Between the crater and the lake and under the stars

Yeroham turns to tourism to help turn the town around.

By BUZZY GORDON
September 17, 2015 16:42
The Large Crater

Colorful sand in the Large Crater. (photo credit: OR ALEXENBERG)

On August 12 every year, Mother Nature puts on an amazing show.

Meteors rain through the sky as our planet’s orbit passes through that of the Swift-Tuttle Comet. As cosmic debris from the comet’s tail falls toward Earth and enters our atmosphere, the tiny particles burn up, creating the brilliant phenomenon we call shooting stars.

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For this reason, every summer on this date, thousands of Israelis descend on the Negev Desert, where the lack of city lights and the blackness of the sky create ideal conditions for spotting these falling stars.

Most descend on Mitzpe Ramon, where amateur astronomers set up telescopes on a field adjacent to the Spice Route Quarter and invite visitors to check out our galaxy while awaiting midnight, when the frequency of the descending meteors increases.

Fortunately for English speakers, Ira Machefsky, “the Starman,” is also on hand.

With his powerful telescope and laser pointer trained on celestial bodies, the American immigrant unravels their mysteries to eager listeners. Always entertaining, this year-round “guide to the heavens” is in his element at this annual Perseid’s Meteor Shower Star Party, holding hourly free lotteries with actual meteorite fragments as prizes. The festival atmosphere begins early in the evening and continues throughout the night.

For those who prefer smaller (or no) crowds, the conditions for stargazing are equally favorable at other spots in the Negev as well, such as the Large Crater just outside Yeroham. It was a lot easier to find a hotel room here as well. In fact, it was an opportunity to discover a new star in the Negev highland’s lodging constellation.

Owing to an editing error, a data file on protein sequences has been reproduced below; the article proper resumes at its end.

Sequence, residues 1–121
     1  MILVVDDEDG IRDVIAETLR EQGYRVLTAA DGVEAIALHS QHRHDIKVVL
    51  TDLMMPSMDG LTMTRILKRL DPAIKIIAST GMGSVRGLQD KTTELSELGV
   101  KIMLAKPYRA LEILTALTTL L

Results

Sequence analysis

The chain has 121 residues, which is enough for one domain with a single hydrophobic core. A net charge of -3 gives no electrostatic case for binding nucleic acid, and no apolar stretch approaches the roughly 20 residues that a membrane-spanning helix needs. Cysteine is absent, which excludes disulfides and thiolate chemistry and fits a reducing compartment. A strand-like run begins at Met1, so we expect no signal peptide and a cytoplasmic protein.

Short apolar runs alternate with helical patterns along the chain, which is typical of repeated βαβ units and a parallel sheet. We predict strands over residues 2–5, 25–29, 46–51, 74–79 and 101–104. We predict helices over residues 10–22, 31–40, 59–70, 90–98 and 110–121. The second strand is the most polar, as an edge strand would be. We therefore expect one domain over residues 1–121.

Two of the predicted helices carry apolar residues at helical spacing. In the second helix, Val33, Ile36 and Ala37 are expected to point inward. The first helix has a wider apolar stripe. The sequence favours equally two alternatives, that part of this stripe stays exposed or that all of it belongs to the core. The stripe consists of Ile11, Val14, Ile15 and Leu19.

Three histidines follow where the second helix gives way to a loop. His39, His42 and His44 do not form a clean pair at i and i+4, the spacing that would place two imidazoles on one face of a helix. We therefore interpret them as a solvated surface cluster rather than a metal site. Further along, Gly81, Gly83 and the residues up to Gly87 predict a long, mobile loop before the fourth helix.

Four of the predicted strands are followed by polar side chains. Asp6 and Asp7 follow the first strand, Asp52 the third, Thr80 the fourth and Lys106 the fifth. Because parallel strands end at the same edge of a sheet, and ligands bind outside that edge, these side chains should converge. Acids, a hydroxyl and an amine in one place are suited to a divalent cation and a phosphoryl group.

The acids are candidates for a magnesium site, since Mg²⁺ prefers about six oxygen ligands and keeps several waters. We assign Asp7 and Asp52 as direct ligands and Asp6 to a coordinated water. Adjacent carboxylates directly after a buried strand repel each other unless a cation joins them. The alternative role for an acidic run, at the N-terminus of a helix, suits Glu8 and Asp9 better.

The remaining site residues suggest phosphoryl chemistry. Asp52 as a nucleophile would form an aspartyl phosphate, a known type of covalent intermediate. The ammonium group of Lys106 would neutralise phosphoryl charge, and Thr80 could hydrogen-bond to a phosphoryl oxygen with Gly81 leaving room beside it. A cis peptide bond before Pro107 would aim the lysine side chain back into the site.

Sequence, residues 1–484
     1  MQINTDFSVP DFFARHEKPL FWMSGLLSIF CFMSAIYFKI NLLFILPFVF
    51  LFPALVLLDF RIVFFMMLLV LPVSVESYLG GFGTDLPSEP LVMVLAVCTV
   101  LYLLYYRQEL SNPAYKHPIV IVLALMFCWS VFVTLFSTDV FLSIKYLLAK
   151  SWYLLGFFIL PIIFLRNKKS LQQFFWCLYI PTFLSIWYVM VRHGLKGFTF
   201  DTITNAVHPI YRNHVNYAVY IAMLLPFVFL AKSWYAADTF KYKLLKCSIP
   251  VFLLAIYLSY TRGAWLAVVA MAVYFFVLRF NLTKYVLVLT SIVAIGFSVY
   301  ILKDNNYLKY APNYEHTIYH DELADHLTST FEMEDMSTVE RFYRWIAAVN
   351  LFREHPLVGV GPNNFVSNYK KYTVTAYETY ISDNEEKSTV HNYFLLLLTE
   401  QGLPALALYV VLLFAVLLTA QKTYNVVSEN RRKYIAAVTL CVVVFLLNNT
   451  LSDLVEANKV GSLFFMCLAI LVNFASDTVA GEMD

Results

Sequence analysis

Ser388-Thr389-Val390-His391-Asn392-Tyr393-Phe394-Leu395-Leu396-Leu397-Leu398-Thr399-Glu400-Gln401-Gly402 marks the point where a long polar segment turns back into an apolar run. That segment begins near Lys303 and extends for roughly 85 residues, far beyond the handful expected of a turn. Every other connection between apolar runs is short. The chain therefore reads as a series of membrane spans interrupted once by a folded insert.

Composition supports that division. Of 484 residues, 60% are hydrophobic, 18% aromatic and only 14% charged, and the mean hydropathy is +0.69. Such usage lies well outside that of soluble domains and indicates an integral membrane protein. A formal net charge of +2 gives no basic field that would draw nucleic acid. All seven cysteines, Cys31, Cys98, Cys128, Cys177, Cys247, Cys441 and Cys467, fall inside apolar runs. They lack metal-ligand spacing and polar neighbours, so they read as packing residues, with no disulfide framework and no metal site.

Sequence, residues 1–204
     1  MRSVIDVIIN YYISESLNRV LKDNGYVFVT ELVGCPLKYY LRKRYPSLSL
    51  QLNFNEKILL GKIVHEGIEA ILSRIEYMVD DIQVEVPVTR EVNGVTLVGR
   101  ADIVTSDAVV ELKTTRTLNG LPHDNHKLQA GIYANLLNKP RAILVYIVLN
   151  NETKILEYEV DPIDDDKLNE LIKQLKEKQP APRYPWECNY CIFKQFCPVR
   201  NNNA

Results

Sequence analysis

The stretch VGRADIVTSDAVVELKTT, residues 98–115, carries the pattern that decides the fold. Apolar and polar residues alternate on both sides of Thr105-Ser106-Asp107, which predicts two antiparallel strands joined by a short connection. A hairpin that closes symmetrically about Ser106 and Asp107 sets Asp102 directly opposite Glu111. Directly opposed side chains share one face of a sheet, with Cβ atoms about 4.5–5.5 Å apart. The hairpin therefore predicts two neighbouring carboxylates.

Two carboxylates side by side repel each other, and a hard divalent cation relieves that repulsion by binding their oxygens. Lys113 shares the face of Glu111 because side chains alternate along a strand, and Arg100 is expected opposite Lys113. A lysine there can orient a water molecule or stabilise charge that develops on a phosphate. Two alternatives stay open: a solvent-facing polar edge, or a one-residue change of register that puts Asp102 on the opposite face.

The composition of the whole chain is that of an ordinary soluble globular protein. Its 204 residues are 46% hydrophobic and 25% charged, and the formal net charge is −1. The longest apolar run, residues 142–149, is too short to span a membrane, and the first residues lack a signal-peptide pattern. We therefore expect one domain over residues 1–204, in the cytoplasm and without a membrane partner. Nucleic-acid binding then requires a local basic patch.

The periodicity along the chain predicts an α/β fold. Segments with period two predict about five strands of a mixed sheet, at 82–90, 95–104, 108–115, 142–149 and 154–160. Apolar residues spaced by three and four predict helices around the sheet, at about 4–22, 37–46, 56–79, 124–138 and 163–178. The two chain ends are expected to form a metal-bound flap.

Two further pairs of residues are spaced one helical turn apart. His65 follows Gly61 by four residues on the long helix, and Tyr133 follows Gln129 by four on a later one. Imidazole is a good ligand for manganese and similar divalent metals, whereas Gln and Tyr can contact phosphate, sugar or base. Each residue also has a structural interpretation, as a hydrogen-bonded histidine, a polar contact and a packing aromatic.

A clear indication that Yeroham is serious about capitalizing on its tourism potential is the Desert Iris Hotel, a boutique hotel with four-star aspirations unlike any other you are likely to encounter in what is considered Israel’s “periphery.” An ambitious joint project of the Yeroham Development Authority and private investors, the developers have transformed the former corporate offices of Israel Chemicals into an impressive property comprising mainly garden-terrace suites.

Virtually all the hotel’s guest rooms (40 out of 47) are suites, and each one can sleep up to four. The queen-size bed in the master bedroom is luxuriously comfortable, with a plush duvet. The bathrooms are lavishly designed, with shower stalls featuring multiple shower heads and an array of Dead Sea mineral toiletries. There is a coffee and tea station in the suite plus mini-refrigerator and a work area. And the in-room safe is large enough to accommodate laptops.

Every room has a 32-inch LCD TV with several cable channels. One feature at the Desert Iris that I have not encountered anywhere else in Israel is a closed-circuit channel on the TV set that monitors the hotel’s well-equipped children’s playroom.

Adults have access to a fitness room that boasts the latest Nautilus equipment, while everyone can enjoy the swimming pool (with separate kiddie pool) and poolside lounge chairs.

Free Wi-Fi extends to all units and common areas, and there are two computers available for guest use. The complimentary breakfast buffet is up to big-city standards, with plenty of hot dishes and an omelet station.

For guests who want additional luxury and amenities, there are two Exclusive Suites in an adults-only wing.

The hotel has two dining areas. One serves buffet-style meat meals at lunch and dinner times, and the other is a dairy cafecum- bar in the lobby, with adjacent alfresco tables. The lunch and dinner buffets are not quite up to the standards of breakfast, but even here, Yeroham has you covered.